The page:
Sometimes it is cheaper to not make something yourself

Though I will be the first to agree it is much more fun to make something homemade, but in my case this weekend I was better off just making a purchase. 

I am growing plenty of herbs this season and want to dry some for convenient use during the cold season.  I got the idea to make my own herb dryer.  The basic design was to make several one foot squares out of cheap 1” by 2” lumber and attach some window screen stapled to each.  Then simply stack as many as needed on a base which consisted of a couple CPU fans and heat source (actual heater coil or light bulb)

In the end my projects was going to cost about $15, which was a great improvement over the $200 price tag on a non Ronco infomercial food dehydrator which requires rotation of trays due to uneven heating.

In an attempt to kill a little time with my two daughters while I know my wife was taking a nap at home I was drawn in by a Garage Sale sign in the distance and found this beauty for the low price of $10.

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For those in the food dehydrator circuits this is an original Equi-Flow 7010 and after plugging it in appears to still work great given dark wood construction, I am guessing it just a few years younger than I am.

Time to play with my new toy…

16 Responses to “Sometimes it is cheaper to not make something yourself”

  1. Ragnar Says:

    Lucky bastard! (Meant in a nice way, obviously!)


  2. Cassandra Says:

    That looks just like the dehydrator my parents had when I was a kid. We used to make fruit leather that could take your teeth out, but we liked it. Now I’m wondering where it ended up. And here’s a tip – if you dry onions in that thing, your whole house will smell like onions for days!


  3. The Cheap Vegetable Gardener Says:

    Ragnar, I have seen the Ronco versions and kicked myself for passing on them then. Now glad I waited.

    Cassandra, doing my drying int he garage. Though that could end up being worse might take months for the smell to go away.


  4. Jessica Says:

    What a great find! I would love to get my hands on one of those. I might take a stab at making one of my own since we might have all or most of the materials on hand… I’m not very handy though. We shall see!


  5. The Cheap Vegetable Gardener Says:

    Jessica, one variety I have heard of is take some furnace air filters (would go for the ultra cheap ones from some place like Walmart) lay herbs between layers and attach a box fan to one end secured with a bungie cord. Don’t even have to be a little handy for that one πŸ™‚


  6. meemsnyc Says:

    What an incredible garage sale find. NICE!!!


  7. Making your own garlic powder Says:

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  8. Drying peppermint leaves Says:

    […] to try out my new to me food dehydrator, I collected some peppermint leaves from my 2 year old peppermint plants which is fighting the […]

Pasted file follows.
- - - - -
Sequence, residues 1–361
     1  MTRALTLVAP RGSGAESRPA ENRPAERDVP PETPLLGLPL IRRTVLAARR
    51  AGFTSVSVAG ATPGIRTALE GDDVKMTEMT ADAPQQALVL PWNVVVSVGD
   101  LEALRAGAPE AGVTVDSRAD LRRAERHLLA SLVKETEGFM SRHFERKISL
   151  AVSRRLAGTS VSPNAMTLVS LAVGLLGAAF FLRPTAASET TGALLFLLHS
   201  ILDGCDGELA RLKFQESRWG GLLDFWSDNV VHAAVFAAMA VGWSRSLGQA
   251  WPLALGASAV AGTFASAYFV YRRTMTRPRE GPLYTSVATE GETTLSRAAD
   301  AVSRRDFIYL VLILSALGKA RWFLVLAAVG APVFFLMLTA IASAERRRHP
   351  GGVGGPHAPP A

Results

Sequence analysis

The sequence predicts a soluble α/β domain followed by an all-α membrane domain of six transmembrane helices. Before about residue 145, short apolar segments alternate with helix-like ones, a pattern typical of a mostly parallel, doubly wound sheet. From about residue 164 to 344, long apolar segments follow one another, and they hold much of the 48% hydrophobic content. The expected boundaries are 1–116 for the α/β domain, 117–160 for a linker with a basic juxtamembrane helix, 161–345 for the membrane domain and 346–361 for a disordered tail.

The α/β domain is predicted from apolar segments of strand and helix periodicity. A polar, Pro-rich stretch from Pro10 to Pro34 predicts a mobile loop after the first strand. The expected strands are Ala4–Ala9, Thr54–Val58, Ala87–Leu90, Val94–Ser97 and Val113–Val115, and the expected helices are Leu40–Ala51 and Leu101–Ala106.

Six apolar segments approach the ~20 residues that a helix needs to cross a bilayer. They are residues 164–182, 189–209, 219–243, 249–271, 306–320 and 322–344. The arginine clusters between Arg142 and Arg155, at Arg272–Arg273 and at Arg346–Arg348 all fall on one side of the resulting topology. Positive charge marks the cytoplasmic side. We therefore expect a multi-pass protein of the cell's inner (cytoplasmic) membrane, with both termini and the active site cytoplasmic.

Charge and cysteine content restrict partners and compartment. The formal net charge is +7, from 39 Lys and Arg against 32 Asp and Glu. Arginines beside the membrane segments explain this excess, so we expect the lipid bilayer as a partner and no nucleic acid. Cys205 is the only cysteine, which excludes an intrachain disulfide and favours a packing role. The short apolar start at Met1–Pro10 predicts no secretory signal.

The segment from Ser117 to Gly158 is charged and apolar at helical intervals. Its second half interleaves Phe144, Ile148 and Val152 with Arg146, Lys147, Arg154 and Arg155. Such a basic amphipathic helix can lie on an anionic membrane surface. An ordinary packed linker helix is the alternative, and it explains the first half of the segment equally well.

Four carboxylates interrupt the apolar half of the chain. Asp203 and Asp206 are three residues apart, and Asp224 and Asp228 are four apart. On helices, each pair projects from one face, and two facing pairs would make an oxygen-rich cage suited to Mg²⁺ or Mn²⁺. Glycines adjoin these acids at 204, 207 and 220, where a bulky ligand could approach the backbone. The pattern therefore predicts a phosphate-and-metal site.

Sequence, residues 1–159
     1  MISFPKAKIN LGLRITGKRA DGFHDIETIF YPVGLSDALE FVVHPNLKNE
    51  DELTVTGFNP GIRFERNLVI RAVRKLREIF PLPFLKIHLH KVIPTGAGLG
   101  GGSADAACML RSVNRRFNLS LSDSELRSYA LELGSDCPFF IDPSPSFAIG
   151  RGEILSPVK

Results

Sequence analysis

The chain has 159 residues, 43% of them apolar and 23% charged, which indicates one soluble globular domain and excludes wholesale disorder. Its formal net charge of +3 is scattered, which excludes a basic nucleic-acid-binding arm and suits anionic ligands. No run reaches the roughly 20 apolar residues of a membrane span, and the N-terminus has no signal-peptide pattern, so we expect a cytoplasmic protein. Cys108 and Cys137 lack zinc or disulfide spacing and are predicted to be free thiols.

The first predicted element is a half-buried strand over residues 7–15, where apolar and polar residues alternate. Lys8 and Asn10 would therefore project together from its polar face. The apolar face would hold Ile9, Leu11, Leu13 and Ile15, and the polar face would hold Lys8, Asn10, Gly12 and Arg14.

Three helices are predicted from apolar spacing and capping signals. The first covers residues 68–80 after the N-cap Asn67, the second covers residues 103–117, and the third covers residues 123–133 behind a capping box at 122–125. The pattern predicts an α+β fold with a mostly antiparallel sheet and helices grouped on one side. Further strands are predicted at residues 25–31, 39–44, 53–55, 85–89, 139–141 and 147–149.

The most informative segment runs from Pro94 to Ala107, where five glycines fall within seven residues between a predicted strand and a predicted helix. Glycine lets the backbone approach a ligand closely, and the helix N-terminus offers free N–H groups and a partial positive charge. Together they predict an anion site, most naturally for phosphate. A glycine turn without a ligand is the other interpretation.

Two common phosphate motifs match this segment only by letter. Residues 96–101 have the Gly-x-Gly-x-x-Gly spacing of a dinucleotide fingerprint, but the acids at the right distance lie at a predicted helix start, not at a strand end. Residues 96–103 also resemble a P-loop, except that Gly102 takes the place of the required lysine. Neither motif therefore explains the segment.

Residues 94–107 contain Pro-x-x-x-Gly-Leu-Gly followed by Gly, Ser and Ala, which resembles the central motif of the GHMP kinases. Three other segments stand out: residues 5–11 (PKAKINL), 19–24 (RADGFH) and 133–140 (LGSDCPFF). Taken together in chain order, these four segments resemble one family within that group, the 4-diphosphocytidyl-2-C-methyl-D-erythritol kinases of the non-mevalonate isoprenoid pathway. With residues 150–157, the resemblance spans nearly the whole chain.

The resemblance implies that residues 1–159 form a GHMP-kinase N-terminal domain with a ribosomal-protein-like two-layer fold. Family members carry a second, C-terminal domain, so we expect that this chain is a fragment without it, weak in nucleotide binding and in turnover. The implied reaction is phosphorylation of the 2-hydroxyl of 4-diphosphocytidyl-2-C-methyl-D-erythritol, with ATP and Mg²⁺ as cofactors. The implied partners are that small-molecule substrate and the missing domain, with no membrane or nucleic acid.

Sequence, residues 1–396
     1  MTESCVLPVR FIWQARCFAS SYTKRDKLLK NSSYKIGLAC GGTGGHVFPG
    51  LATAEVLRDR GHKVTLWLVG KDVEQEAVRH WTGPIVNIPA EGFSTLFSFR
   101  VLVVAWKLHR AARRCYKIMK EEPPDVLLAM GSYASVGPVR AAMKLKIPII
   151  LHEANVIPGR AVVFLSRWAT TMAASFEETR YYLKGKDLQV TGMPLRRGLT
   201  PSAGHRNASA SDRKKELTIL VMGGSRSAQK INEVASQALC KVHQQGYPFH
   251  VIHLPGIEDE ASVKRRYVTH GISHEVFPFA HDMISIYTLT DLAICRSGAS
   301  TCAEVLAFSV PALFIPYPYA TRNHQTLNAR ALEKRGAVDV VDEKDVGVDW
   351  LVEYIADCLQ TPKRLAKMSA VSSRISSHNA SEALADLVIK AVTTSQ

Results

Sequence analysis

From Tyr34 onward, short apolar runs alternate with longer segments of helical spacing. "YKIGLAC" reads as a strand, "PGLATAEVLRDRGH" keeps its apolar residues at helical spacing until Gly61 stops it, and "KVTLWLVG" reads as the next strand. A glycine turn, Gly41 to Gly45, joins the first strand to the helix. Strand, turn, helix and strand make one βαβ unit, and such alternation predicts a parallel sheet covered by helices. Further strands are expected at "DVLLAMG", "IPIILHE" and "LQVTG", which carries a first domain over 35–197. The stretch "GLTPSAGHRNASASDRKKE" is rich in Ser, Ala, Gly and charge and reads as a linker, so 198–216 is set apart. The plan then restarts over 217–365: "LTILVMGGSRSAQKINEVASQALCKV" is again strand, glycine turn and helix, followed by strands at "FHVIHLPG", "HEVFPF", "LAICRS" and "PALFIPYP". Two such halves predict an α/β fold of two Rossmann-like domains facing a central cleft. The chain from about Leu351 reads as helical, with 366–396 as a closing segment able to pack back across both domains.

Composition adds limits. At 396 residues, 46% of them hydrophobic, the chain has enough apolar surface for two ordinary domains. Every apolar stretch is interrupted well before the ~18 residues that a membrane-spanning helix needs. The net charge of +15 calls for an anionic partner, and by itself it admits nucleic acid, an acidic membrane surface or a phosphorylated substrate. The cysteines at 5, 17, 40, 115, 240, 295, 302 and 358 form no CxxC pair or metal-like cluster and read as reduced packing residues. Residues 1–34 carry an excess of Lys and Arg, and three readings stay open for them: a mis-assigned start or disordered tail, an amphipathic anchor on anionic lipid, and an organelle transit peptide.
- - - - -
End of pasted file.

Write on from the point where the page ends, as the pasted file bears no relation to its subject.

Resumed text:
9. Becca Says:

    My neighbor picked one of these up at a garage sale. I borrowed it and dehydrated 3 dozen eggs in it this week. Do you have a manual for it? I wish it had a temp. guage. I used parchment paper folded up about 1/3″ on the sides to pour the blended eggs on. Worked like a charm. Would like some sort of trays to use with it for liquids that are more reusable. Also dehydrated 4 pounds of strawberries in it and our garage smelled heavenly. They taste awesome crumbled up in granola or added to oatmeal.


  10. Rachel Says:

    Any advice on how to use it?


  11. Rachel Says:

    Any chance you found a manual on how to use it? My grandfather found this same one in a storage shed and sent it to me. But no instructions! Excited to try it out but would feel more comfortable with directions.


  12. Denise Says:

    My dad also bought one, a 20 tray unit at a garage sale and gave it to me. It has some thin sheets that kind of look like parchment paper, but it believe they are plastic, I know nothing about dehydrating and not sure what the sheets are for, I wish I could find a manual.


  13. The Cheap Vegetable Gardener Says:

    I never found a manual either, though I what I did was look through an online manual for another manual to determine what temperatures each measurement on the dial were for (Low = X degrees, High==Y degrees, etc) I did this by placing a meat thermometer in there turn it one to a setting let it go for a few minutes write down the number and moved to the next interval. I personally let it run at the lowest setting…only time I can think of to go at higher temps if I was trying to make yogurt or something (have not tried yet)


  14. Karen Holland Says:

    I have a small pamphlet that tells a little. I bought mine new probably 35 years ago. The sheets are called flexalon.. Teflon like sheets for making fruit roll ups. I have been searching for them and a few replacement trays. No luck so far.


  15. Uncle ED Says:

    need the control switch and thermostat
    unit
    otherwise it is good


  16. Charles Holland Says:

    I purchased a 7010 in 1977.
    Some sheets that are a different size but would work.
    Much less expensive than the originals.
    I made some from drafting Mylar. Probably hard to find now that most drawings are done with CAD.

    http://www.amazon.com/dp/B00VC1B1YA?psc=1

    Dehydrator Sheets-fits Excalibur
    (Search on Amazon.com)


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